Xinjiang riots: Modern Chinese army displays ancient preference for crossbow
By John Bingham
A staple of warfare in medieval Europe, they are believed to have been used in China since about 400BC, appearing in Greece slightly later.
Despite the telescopic sights and gun-like triggers which give them more than a passing resemblance to a modern sniper rifle, the crossbows wielded by members of the military units operating in Urumqi retain a striking resemblance to their ancient counterparts.
A staple of warfare in mediaeval Europe, they are believed to have been used in China since about 400BC, appearing in Greece slightly later.
Featured in Sun Tzu's The Art of War, remnants of crossbows were even found in the tomb of China's first emperor, Qin Shi Huang, among his Terracotta Army.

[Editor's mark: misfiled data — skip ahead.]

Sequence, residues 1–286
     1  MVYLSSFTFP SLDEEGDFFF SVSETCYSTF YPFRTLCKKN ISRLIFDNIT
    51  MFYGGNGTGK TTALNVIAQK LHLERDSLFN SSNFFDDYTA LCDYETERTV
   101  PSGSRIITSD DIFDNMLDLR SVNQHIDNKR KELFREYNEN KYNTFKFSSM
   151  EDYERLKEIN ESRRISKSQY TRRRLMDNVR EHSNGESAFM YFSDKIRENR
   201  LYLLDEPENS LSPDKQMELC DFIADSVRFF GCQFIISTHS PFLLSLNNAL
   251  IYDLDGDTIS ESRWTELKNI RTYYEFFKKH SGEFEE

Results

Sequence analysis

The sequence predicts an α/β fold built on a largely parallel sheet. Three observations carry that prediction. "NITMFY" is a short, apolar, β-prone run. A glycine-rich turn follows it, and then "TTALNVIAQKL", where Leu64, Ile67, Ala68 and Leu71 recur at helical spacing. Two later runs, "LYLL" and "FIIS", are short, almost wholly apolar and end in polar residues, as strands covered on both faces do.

Although they are believed to have been first used for hunting, the military potential of the crossbow was quickly appreciated.
Firing short dart-like missiles known as bolts further and faster than a traditional bow, they proved capable even of piercing armour.
Modern varieties can fire sleek metallic bolts or bullets.
In Europe, crossbows were used by William the Conqueror at the Battle of Hastings, where they were said to penetrate English shields.
Replacing the longbow, they remained in use for a further 400 years, after which they were superseded by guns.
In China, large, catapult-like versions were developed, employing basic mechanics to string the bow, line up the bolt and fire it in a single motion.
The repeating crossbow was widely used until the late 19th Century.